The festival scene is reasonably active, including the EuroJazz Festival and the Mexico City Jazz Festival each spring in the country's largest city, and the Acapulco Jazz Festival in November. A few other events similar to the Riviera Maya Festival take place in resort towns or places like Baja California, although some have disappeared recently. The Cabo Jazz Escape in San Miguel canceled its December 2006 event due to a lack of sponsor funding and the Rosarito International Jazz Festival in Baja was put on hold in October due to large- scale wildfires in neighboring San Diego (oddly, a laudatory PR-worthy review of it was posted online at a travel site, although details were scarce beyond good-time-was-had-by-all prose).

Mexico's economy is decidedly unbalanced between the haves and have-nots, but organizers of the festival in Playa del Carmen are optimistic for reasons beyond the dollars brought in by the booming tourism industry.

The influx of visitors also means a boost in the working population, although much of that is also temporary or constantly changing, said Ines De Valicourt, the festival's co-producer. As a result, most bands are only a few years old and don't have the decades-long cohesion of a group like Tower Of Power, but they bring strong modern influences from the outside world with them.

"The bands take some influence from the bands of the States and they put it together with the music the young people only listen to now—the rock, the electronic," she said.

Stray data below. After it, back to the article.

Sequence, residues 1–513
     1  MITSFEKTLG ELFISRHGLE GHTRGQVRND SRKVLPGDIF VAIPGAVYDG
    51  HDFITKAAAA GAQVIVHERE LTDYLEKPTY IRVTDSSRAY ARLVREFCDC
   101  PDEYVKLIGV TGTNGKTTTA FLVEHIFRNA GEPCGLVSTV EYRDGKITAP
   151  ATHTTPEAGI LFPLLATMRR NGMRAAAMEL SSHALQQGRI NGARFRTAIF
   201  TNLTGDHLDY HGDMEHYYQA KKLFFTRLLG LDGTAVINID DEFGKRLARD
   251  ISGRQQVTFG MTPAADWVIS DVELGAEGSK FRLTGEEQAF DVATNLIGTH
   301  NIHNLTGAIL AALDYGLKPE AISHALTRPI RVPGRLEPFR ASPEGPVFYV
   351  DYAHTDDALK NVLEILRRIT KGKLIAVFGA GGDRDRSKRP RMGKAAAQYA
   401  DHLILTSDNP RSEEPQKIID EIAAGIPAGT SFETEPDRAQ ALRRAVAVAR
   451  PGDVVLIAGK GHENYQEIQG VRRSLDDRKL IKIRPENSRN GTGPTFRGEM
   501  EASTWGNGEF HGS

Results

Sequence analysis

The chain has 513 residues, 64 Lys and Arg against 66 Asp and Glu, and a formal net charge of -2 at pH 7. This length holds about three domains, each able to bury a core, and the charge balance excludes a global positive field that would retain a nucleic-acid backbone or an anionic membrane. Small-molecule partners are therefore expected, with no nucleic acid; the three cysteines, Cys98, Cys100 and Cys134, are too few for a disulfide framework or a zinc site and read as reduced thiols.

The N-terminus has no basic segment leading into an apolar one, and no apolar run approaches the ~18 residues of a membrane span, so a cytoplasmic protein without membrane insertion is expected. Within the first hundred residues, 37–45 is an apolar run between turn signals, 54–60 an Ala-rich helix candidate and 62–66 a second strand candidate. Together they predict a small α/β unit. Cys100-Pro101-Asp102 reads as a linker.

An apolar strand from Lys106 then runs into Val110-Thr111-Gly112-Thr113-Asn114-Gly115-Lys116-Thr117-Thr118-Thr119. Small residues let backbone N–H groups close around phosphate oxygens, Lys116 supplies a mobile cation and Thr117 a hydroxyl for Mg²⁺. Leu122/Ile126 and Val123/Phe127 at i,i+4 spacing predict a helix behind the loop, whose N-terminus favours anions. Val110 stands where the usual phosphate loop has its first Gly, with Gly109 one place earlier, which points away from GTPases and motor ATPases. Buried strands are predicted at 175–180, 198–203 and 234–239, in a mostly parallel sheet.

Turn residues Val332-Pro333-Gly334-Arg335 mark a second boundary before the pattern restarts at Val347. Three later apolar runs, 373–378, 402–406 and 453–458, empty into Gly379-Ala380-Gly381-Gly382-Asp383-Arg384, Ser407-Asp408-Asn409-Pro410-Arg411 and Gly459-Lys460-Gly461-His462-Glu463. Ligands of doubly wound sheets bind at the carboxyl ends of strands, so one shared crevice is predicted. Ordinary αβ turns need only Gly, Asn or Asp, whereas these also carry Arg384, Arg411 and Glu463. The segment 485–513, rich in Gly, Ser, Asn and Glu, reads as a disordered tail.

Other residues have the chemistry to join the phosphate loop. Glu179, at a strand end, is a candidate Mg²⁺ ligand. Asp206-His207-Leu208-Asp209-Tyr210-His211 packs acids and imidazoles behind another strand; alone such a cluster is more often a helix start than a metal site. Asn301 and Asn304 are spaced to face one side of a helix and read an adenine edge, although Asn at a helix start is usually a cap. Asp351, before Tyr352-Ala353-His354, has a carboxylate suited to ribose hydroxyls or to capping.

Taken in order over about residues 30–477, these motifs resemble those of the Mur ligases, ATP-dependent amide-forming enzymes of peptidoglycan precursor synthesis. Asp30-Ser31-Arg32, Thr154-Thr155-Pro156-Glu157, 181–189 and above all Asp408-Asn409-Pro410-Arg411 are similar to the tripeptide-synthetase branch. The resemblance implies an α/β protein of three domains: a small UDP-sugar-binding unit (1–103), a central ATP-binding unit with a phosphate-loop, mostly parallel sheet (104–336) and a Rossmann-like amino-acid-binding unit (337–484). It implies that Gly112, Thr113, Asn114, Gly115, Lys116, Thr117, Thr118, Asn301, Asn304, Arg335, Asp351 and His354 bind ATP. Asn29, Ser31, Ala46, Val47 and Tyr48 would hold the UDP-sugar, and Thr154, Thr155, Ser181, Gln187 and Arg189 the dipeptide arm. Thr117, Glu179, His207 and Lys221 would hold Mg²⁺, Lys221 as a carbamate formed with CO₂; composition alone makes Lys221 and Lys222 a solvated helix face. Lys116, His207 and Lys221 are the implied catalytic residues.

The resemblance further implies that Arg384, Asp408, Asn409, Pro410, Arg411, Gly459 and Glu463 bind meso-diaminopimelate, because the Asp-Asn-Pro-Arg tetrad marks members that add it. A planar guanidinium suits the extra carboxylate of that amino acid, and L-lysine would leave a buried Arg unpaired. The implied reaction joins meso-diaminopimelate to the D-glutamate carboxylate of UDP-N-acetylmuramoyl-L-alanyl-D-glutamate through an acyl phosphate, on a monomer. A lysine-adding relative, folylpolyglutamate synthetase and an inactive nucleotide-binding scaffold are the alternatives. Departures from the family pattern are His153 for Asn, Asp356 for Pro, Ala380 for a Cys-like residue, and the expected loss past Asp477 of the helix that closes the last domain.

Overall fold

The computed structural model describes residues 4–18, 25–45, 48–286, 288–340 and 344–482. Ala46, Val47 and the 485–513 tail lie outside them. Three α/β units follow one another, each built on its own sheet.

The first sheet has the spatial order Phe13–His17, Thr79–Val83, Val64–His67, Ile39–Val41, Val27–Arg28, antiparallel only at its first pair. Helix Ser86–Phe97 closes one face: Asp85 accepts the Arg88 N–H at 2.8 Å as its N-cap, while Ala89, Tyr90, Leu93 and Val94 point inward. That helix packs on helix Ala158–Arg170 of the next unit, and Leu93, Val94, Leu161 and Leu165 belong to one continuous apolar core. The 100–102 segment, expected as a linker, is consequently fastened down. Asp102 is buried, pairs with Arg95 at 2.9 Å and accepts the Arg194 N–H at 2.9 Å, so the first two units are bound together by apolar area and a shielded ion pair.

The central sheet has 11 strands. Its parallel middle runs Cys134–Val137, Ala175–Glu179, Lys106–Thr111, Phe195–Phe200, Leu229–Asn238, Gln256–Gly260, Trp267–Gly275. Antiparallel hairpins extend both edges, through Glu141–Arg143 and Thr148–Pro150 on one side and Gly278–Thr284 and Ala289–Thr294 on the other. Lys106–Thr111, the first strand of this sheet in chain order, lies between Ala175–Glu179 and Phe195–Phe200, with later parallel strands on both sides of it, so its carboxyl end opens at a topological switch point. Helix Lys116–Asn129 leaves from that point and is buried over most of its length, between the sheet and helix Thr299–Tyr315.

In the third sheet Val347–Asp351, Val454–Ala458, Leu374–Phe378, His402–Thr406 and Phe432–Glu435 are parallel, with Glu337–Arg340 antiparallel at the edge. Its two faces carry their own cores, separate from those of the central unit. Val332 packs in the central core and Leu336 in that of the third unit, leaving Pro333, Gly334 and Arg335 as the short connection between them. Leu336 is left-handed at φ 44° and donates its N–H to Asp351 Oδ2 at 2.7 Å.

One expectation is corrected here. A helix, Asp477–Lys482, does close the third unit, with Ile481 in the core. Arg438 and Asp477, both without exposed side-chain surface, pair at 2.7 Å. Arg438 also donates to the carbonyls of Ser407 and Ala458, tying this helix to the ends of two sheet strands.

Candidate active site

Mar Cigumala, manager of the local band Aguamala that opened the festival, said the mix of working immigrants from Central and South America, longtime residents and tourists from countries worldwide has resulted in a greater acceptance of musical diversity.

"They open their arms to anything," she said. "There's so many cultures here."

Braking Barriers

Open arms or not, this is a land of speed bumps.

Vehicles frequently operate more at barely more than walking pace on side streets and lodge roads, stopping every 20 yards or so to climb barriers that would challenge a Hummer. They also appear regularly on thoroughfares, making cruise control an ill-advised option.

"You'd be going along and those rental cars had no shocks left," said Mary Donovan, a Seattle resident making her second trip to the area."We commented on it all the time. We were like 'Slow down! Show down!'"